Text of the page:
Removing teeth is occasionally needed due to chronic infection, trauma, impaction, decay, or other damage to the tooth. Once the tooth is removed, however, care is needed to preserve the empty space (a.k.a. the socket) left behind.
The socket that holds the tooth in place is often damaged by disease and/or infection resulting in deformity of the jaw after the tooth is extracted. Additionally, when teeth are removed, the surrounding bone and gums can shrink and recede very quickly after the extraction resulting in unsightly defects and collapse of the lips, and cheeks.
These defects in the bone can create complications in performing restorative dentistry whether your treatment involves dental implants, bridges or dentures. However, jaw deformities from tooth removal can be prevented and repaired by a procedure called socket preservation. Socket preservation can greatly improve your smile and increase the longevity of dental implants for years.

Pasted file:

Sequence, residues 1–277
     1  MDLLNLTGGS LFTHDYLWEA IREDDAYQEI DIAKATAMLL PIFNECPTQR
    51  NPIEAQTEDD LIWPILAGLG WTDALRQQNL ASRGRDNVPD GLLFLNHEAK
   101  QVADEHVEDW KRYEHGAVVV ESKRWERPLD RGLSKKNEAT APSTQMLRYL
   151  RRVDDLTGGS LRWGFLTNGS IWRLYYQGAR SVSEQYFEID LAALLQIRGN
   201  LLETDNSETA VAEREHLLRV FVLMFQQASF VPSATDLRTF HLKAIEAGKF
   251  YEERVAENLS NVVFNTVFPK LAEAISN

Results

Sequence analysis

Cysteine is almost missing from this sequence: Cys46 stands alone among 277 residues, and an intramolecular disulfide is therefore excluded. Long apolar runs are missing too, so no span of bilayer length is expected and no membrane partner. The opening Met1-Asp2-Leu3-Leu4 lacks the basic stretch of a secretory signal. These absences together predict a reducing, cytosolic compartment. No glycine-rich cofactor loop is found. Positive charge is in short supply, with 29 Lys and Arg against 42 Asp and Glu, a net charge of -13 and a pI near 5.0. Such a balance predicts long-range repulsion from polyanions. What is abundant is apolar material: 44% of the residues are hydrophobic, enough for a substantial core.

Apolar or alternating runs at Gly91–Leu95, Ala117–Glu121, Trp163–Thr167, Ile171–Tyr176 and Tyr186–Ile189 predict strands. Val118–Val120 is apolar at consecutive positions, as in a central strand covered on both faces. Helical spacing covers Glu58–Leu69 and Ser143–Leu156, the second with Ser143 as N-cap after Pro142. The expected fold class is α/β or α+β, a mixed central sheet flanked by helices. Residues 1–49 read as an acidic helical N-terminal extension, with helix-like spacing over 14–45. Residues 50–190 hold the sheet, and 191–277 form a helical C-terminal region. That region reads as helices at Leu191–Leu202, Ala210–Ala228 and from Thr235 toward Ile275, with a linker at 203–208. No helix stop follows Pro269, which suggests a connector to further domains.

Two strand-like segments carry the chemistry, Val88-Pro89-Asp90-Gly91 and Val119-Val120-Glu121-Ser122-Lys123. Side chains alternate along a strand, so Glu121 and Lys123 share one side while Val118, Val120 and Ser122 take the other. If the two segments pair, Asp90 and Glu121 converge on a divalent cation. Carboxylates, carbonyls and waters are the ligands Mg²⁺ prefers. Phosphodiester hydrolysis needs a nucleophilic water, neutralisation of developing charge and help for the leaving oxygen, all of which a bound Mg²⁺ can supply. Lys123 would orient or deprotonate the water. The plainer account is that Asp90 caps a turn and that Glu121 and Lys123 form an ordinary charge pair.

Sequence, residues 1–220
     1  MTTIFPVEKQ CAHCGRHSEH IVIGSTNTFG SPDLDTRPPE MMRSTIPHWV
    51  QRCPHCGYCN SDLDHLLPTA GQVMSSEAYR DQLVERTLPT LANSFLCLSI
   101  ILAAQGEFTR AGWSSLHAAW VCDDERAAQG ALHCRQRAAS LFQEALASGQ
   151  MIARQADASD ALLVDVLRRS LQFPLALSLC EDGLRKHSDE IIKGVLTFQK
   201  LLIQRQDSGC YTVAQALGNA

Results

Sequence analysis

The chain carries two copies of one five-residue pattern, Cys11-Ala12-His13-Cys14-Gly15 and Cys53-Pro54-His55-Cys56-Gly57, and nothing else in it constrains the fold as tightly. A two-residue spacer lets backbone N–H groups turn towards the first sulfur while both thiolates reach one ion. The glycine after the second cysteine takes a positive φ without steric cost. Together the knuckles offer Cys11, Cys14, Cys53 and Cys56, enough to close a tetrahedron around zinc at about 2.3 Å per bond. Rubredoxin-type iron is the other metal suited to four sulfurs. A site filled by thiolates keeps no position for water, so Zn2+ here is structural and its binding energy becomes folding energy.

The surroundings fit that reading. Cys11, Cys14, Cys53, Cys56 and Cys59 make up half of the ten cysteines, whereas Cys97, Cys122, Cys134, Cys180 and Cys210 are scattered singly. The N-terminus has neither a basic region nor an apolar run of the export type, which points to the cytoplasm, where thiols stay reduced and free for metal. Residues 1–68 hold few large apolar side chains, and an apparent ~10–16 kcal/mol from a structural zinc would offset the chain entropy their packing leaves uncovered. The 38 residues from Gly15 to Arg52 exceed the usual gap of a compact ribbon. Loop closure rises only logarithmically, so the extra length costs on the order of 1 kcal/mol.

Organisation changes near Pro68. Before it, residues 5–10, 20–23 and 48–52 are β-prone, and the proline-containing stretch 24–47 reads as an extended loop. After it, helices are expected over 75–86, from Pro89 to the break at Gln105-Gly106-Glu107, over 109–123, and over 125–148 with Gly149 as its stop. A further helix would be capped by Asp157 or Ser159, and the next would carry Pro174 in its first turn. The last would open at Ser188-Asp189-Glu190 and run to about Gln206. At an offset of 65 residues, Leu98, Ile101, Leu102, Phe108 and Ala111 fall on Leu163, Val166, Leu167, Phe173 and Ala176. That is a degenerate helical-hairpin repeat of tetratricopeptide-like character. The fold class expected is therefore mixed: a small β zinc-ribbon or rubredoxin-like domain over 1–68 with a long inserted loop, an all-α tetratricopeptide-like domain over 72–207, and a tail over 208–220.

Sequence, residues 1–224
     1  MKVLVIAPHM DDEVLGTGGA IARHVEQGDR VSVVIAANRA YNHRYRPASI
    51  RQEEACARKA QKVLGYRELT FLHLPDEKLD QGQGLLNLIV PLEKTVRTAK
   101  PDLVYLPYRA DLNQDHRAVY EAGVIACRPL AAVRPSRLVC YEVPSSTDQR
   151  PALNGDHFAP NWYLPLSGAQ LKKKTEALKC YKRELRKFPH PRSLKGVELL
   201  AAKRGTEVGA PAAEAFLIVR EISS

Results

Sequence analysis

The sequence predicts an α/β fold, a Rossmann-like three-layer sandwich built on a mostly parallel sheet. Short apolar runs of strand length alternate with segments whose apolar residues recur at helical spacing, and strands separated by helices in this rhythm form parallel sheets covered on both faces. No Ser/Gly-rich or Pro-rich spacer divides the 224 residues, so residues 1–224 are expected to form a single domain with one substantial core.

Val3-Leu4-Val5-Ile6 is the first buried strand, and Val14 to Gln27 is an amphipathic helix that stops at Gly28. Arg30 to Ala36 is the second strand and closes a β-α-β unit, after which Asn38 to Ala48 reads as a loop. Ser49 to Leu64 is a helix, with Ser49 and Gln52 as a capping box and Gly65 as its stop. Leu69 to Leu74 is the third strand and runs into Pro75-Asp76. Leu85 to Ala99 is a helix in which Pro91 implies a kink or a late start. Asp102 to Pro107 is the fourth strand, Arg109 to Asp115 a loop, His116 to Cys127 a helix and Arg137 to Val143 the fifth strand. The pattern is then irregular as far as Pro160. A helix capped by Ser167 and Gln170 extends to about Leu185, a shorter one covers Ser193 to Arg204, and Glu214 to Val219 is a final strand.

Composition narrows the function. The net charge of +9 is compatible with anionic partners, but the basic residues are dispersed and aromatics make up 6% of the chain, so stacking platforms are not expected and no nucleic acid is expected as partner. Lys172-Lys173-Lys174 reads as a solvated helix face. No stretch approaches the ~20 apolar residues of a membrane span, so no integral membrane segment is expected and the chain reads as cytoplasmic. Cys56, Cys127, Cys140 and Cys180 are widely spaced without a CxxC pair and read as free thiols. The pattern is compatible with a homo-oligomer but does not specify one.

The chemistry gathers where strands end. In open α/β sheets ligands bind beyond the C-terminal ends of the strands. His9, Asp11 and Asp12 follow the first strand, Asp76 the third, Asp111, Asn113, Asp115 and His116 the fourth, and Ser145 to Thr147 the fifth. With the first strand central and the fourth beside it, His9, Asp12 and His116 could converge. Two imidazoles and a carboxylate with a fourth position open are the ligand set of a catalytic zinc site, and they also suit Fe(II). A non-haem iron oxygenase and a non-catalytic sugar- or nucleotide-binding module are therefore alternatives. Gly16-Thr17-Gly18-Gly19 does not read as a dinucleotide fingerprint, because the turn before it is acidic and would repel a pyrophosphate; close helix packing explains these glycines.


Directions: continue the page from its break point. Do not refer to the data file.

How is Socket Preservation Performed?
There are various techniques that are available to preserve the bone and minimize bone loss after a tooth extraction. One common method involves filling the socket with bone or bone substitute after the tooth is removed. The area is then covered with gum tissue, an artificial membrane, or tissue-stimulating proteins to encourage the body’s natural ability to heal the socket. As the socket heals, it minimizes the risk of shrinkage and the caving in of the surrounding gum and facial structures. As new bone forms, it provides a strong foundation for a dental implant to replace the tooth. If you are considering tooth removal, be sure to ask if socket preservation is necessary, especially if you are planning on replacing the teeth.